Welding in arctic conditions

Welding in arctic conditions

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Today, Arctic areas are attracting much attention due to the large oil and natural gas deposits located there. As much as 13% of the Earth’s unexploited oil reserves and 30% of natural gas reserves may be located in Arctic areas. The energy industry’s largest projects to build gas and oil distribution networks are essentially based on steel construction and welding technology.

Weatherproofing welding equipment for better outcomes and working conditions

For example, the oil and gas pipelines in Siberia, Russia, need to be built through marshlands that are difficult to traverse. This must be done in the winter because the ground must be sufficiently frozen to support all of the necessary machinery. Welding can only be successful in Arctic conditions if the working conditions are tolerable. Depending on the weather, the welding process, and the application, different protection levels are used, ranging from completely unprotected welding sites to air-conditioned and heated cubicles.

For MMA welding in dry weather, it may not be necessary to protect the welding site at all (Figure 1). MIG/MAG and TIG welding should always be done in an area protected from wind, rain, and snow. Protection can be provided by various types of tents (Figure 2) or even heated welding cubicles (Figure 3). A range of different welding protectors can also improve the welder’s working conditions. Without a heated welding cubicle, the welder can easily begin feeling cold, and the visor on the welding helmet can fog up.

MMA welding on a pipeline
Figure 1: MMA welding on a pipeline
Welding tent
Figure 2: A welding tent provides protection from the wind and rain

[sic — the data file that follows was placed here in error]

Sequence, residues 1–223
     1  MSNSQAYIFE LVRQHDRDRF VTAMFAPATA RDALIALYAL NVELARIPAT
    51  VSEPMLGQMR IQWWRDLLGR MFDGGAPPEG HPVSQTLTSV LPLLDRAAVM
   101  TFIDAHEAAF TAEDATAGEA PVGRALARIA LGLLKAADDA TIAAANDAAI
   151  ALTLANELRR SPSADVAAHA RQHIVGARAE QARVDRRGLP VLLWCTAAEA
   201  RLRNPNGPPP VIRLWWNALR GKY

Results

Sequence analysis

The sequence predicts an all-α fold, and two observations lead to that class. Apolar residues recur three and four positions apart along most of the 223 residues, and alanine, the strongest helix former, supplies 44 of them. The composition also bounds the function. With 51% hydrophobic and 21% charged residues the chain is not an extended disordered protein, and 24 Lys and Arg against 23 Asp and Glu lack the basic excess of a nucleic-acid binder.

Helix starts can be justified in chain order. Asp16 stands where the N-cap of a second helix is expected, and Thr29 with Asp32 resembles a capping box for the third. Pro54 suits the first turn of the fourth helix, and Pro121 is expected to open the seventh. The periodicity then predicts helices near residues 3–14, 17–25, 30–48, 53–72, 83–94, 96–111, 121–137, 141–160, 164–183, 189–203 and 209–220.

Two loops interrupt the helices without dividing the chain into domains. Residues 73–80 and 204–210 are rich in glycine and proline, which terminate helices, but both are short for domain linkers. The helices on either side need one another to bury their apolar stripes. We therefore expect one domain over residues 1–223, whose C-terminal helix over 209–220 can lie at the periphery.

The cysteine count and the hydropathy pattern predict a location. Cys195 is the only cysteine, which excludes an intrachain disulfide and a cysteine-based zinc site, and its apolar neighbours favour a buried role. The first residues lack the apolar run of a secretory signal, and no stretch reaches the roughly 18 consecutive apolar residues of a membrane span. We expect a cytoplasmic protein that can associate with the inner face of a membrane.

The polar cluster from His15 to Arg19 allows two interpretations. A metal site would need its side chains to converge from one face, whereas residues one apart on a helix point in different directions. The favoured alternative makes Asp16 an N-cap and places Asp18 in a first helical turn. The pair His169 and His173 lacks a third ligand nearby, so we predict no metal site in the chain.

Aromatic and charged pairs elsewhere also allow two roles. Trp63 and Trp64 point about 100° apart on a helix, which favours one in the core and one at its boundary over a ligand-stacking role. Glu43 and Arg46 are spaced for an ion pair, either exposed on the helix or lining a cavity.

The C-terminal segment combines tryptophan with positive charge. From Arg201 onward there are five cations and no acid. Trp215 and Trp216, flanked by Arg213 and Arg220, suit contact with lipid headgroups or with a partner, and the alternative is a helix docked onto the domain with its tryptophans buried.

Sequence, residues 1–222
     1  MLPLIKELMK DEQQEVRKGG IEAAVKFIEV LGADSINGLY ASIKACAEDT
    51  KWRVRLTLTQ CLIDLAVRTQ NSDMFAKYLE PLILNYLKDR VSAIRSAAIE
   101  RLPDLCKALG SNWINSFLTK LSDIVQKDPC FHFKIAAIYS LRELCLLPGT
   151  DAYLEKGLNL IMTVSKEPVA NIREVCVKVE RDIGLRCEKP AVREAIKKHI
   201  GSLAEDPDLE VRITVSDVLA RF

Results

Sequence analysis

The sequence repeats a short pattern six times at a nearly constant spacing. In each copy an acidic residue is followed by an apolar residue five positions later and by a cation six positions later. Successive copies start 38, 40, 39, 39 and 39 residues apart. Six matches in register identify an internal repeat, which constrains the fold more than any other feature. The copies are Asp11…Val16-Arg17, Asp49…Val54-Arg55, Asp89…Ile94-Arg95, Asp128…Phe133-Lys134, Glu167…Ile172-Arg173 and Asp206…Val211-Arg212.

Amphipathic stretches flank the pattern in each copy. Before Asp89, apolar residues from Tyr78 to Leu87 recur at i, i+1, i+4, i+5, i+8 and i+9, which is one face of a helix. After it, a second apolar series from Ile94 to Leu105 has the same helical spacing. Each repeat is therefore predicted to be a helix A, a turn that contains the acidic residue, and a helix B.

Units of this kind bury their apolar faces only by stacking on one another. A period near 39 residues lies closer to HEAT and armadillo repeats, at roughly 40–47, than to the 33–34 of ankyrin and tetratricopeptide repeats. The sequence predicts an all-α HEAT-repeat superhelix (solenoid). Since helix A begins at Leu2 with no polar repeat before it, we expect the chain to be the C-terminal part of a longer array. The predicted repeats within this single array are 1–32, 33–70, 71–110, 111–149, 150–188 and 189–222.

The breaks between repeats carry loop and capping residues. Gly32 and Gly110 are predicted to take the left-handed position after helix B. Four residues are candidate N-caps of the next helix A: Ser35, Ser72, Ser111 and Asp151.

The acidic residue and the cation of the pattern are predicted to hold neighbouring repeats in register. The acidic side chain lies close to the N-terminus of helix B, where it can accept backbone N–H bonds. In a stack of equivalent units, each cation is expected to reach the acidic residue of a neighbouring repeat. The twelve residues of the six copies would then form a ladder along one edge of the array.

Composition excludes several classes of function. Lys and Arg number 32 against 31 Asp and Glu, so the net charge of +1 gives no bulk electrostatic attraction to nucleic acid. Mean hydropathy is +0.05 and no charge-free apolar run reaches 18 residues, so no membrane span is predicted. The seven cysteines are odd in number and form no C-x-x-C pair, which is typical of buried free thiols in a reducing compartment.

A heated welding cubicle
Figure 3: A heated welding cubicle ensures good working conditions
KWF 200/300 cabinet heater
KWF 200/300 cabinet heater for Kemppi’s wire feeders

Effective preheating can optimize welding procedures and prevent condensation

Special attention should always be paid to preheating before welding in arctic conditions. Firstly, the welding procedure specification determines the preheating temperature. With thinner material strengths and non-alloy steel, this is typically room temperature. With thicker materials and alloy steel, the preheating temperature may be 100°C or more. The second reason for preheating is the condensation of water on cold surfaces. The groove and the surrounding area, as well as any backing, must also be cleaned and dried before welding.

In cold conditions, moisture can easily condense on the surface of the filler material. The welding electrodes should be stored in an electrically heated electrode store. For MIG/MAG welding, it is advisable to use a cabinet heater in the wire feeder to ensure the filler material remains dry.

Studying cold tolerance of welding equipment to guide product development 

Kemppi states the operating temperature range for its welding equipment in the user’s manual. The minimum temperature range is between -20°C and +40°C. However, Kemppi’s equipment is also used in Arctic areas, where the temperatures may be substantially lower.

Over the years, the cold tolerance of the devices has been studied in various conditions. Kemppi has premises including a cold room and separate freezers for this purpose at its site in Okeroinen, Lahti, Finland. They enable welding components such as tubes, cables, and mechanics to be tested at temperatures as low as -60°C.

Practical experiments have also been conducted in Arctic areas. In the winter of 2013, Kemppi took several ready-to-operate welding units to Siberia, Russia, for field testing. They were tested at temperatures of -46°C. At such low temperatures, welding is a challenge for the welder as well as the equipment. For example, the rubber components on buried cables, torches, and interconnection cables stiffen due to the cold.

Results from such studies are utilized in product development work when selecting materials for new products. For example, alternate materials have been selected for new buried cables and torches to ensure that they are better at withstanding colder conditions.

Interconnection cable in Siberia
MIG/MAG interconnection cable at -46°C during trial use in Siberia

Image sources:
Kemppi Oy / Figure 2 / Figure 3

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